7. Keep the Access control plane using its external IP address checkbox selected.

  8. (Optional for Autopilot) Set Control plane IP range to 172.16.0.32/28.

  9. Leave Network and Node subnet set to default. This causes GKE to generate a subnet for your cluster.

  10. Clear the Enable control plane authorized networks checkbox.

  11. Click Create.

Other private cluster configurations

In addition to the preceding configurations, you can run private clusters with the following configurations.

Granting private nodes outbound internet access

To provide outbound internet access for your private nodes, you can use Cloud NAT.

Creating a private cluster in a Shared VPC network

To learn how to create a private cluster in a Shared VPC network, see Creating a private cluster in a Shared VPC.

Deploying a Windows Server container application to a private cluster

To learn how to deploy a Windows Server container application to a private cluster, refer to the Windows node pool documentation.

Accessing the control plane's private endpoint globally

The control plane's private endpoint is implemented by an internal TCP/UDP load balancer in the control plane's VPC network. Clients that are internal or are connected through Cloud VPN tunnels and Cloud Interconnect VLAN attachments can access internal TCP/UDP load balancers.

By default, these clients must be located in the same region as the load balancer.

When you enable control plane global access, the internal TCP/UDP load balancer is globally accessible: Client VMs and on-premises systems can connect to the control plane's private endpoint, subject to the authorized networks configuration, from any region.

For more information about the internal TCP/UDP load balancers and global access, see Internal load balancers and connected networks.

Enabling control plane private endpoint global access

This section applies only to clusters created in the Standard mode.

By default, global access is not enabled for the control plane's private endpoint when you create a private cluster. To enable control plane global access, use gcloud or the Google Cloud Console.

gcloud

Add the enable-master-global-access flag to create a private cluster with global access to the control plane's private endpoint enabled:

gcloud container clusters create CLUSTER_NAME \
    --enable-private-nodes \
    --enable-ip-alias \
    --master-ipv4-cidr=172.16.16.0/28 \
    --enable-master-global-access

You can also enable global access to the control plane's private endpoint for an existing private cluster:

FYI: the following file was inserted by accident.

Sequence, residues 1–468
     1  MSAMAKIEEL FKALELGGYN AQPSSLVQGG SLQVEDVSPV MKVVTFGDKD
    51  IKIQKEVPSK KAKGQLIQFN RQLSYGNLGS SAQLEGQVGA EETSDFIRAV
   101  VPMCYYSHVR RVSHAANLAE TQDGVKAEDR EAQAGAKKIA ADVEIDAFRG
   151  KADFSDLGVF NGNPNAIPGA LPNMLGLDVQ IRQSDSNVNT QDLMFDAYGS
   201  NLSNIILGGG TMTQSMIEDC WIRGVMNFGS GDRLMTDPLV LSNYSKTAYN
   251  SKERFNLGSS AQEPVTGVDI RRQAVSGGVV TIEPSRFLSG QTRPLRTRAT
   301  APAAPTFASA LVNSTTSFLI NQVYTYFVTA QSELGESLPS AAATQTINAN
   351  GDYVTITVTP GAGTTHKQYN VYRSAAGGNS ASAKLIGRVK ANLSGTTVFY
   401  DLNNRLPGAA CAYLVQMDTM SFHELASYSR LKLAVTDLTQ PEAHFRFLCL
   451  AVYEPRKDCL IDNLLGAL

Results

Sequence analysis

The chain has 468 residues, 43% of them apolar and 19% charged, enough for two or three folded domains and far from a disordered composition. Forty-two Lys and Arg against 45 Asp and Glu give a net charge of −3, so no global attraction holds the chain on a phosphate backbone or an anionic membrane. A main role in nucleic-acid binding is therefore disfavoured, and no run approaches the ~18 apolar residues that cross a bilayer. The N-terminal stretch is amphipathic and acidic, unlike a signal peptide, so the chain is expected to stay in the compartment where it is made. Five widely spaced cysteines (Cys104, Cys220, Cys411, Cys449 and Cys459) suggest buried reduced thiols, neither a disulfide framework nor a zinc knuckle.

gcloud container clusters update CLUSTER_NAME \
    --enable-master-global-access

Console

To create a new private cluster with control plane global access enabled, perform the following steps:

  1. Go to the Google Kubernetes Engine page in the Cloud Console.

    Go to Google Kubernetes Engine

  2. Click Create.

  3. Enter a Name.

  4. From the navigation pane, under Cluster, click Networking.

  5. Select Private cluster.

  6. Select the Enable Control plane global access checkbox.

  7. Configure other fields as desired.

  8. Click Create.

To enable control plane global access for an existing private cluster, perform the following steps:

  1. Go to the Google Kubernetes Engine page in Cloud Console.

    Go to Google Kubernetes Engine

  2. Next to the cluster you want to edit, click Actions, then click Edit.

  3. In the Networking section, next to Control plane authorized networks, click Edit.

  4. In the Edit control plane authorized networks dialog, select the Enable control plane authorized networks checkbox.

  5. Click Save Changes.

Verifying control plane private endpoint global access

You can verify that global access to the control plane's private endpoint is enabled by running the following command and looking at its output.

gcloud container clusters describe CLUSTER_NAME

The output includes a privateClusterConfig section where you can see the status of masterGlobalAccessConfig.

privateClusterConfig:
  enablePrivateNodes: true
  masterIpv4CidrBlock: 172.16.1.0/28
  peeringName: gke-1921aee31283146cdde5-9bae-9cf1-peer
  privateEndpoint: 172.16.1.2
  publicEndpoint: 34.68.128.12
  masterGlobalAccessConfig:
    enabled: true

Connecting to the control plane's private endpoint from on-premises networks

When you create a GKE private cluster and disable the control plane's public endpoint, you can still connect to the control plane's private endpoint from an on-premises network using tools like kubectl. This section describes the networking requirements necessary to access the control plane's private endpoint from an on-premises network.

The following diagram shows a routing path between an on-prem network and GKE control plane nodes:

Diagram showing the routing between on-prem VPC and cluster control plane

To connect to a control plane's private endpoint from on-premise network complete the following tasks:

  1. Identify the peering between your cluster's VPC network and the control plane's VPC network:

    gcloud container clusters describe CLUSTER_NAME
    

    The output of this command includes the cluster's privateClusterConfig.peeringName field. This is the name of the peering between your cluster and the control plane's VPC network. For example:

    privateClusterConfig:
      enablePrivateNodes: true
      masterIpv4CidrBlock: 172.16.1.0/28
      peeringName: gke-1921aee31283146cdde5-9bae-9cf1-peer
      privateEndpoint: 172.16.1.2
      publicEndpoint: 34.68.128.12
    
  2. Configure your VPC network to export its custom routes in the peering relationship to the control plane's VPC network. The control plane's VPC network is already configured to import custom routes. This provides a path for the control plane to send packets back to on-premises resources.